India’s Largest Door-to-Door Survey on Communication Disorders, conducted in partnership with the Health Parliament and the International Patients’ Union by the Delhi Branch of the Indian Speech & Hearing Association (Delhi branch of ISHA), has revealed intriguing insights.
Spearheaded by dedicated professionals and student volunteers in the field of speech and hearing, this groundbreaking endeavour marks a significant leap forward in addressing communication challenges across the Delhi National Capital Region (NCR), Jammu & Kashmir.
The survey has yielded comprehensive insights into the prevalence of communication disorders. Funded by the Delhi branch of ISHA and the Indian Speech-Language and Hearing Association (ISHA), a total of 53,801 individuals from 10,228 families from the Delhi – NCR area and over 6000 individuals from 1257 families in Jammu & Kashmir were surveyed from May to June 2023. Notably, the survey revealed a prevalence rate of 3.05% for communication disorders in the Delhi-NCR area, 6.17% in Kashmir and 2.4% in Jammu.
The inaugural address was delivered by Dr Rajendra Pratap Gupta, a distinguished policy maker, former advisor to the Union Health Minister, and founder of the Health Parliament and the International Patients’ Union. Dr Gupta ideated the project in February 2023 and formally presented the survey report during the conference hosted at the Constitution Club of India on 13th August 2023. He emphasized the report’s potential to catalyse awareness and drive impactful policy discussions centred around communication disorders. According to Dr Gupta, ‘the prevalence of Communication Disorders has increased to more than 3% and their awareness levels remain low at about 11%. Hearing impairment (HI) has increased within the 19-25 years age group (41.2%) and the 26-60 years age group (69.4%), and this is a wake-up call for the ‘mobile generation’ to stop the indiscriminate usage of headphone/earphones, else, they would soon have to use ‘hearing aids’ instead of ‘headphones’. Among individuals from different religious backgrounds, Muslims have the highest prevalence rate of 14.9% amongst those with consanguineous marriages.’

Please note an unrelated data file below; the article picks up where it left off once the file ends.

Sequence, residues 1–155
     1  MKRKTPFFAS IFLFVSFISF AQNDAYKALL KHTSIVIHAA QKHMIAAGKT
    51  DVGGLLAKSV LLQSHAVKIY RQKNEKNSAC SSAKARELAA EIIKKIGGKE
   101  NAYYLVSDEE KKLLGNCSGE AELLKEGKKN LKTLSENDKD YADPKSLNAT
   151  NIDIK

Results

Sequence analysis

Dr Gupta stressed the necessity of a multi-stakeholder strategy to promote consciousness regarding the indiscriminate use of mobile devices. He stated, “In the digital era, the escalating exposure to gadgets not only heightens the risk of speech and hearing disorders but also portends a severe shortage of professionals in this domain. Employing technology to foster awareness, screening, and treatment for these disorders is imperative.” Dr. Gupta called for an expanded pool of trained professionals to address the mounting burden of speech and hearing issues, suggesting the inclusion of these disabilities in the National Family Health Survey (NFHS) and advocating for a nationwide campaign to enhance awareness.
The survey findings for Delhi-NCR revealed that speech sound disorders (SSD) exhibit higher prevalence rates in the 6-12 years age group (42.4%) and the 13-18 years age group (31.1%). Fluency disorders are more prevalent among those aged 6-12 years (20.7%) and 13-18 years (17.1%). Language disorders exhibit a higher prevalence among ages 0-5 years (69%) and 13-18 years (48.2%). The report identifies varying prevalence rates for voice disorders across different age segments, with the highest observed in the 19-25 years age group (17%) and 13-18 years age group (11.6%). Vestibular disorders are more pronounced in the 26-60 years age group (8.7%). Multiple communication disorders are most evident in ages 0-5 years (37%) and 6-12 years (33.9%).
In Kashmir, 57.6% of the females and 42.4% of males were identified to have communication disorders, whereas, in Jammu, 66.4% of the male population and 33.6% of the female population were identified with communication disorders.
The event was graced by Dr. K. Madan Gopal, former senior consultant at NITI Aayog and Advisor at the National Health Systems Resource Centre (NHSRC), who delivered the Guest of Honour address. Dr. Gopal highlighted the survey’s potential to shape healthcare policies, underscoring the profound societal implications of addressing speech and hearing impairments.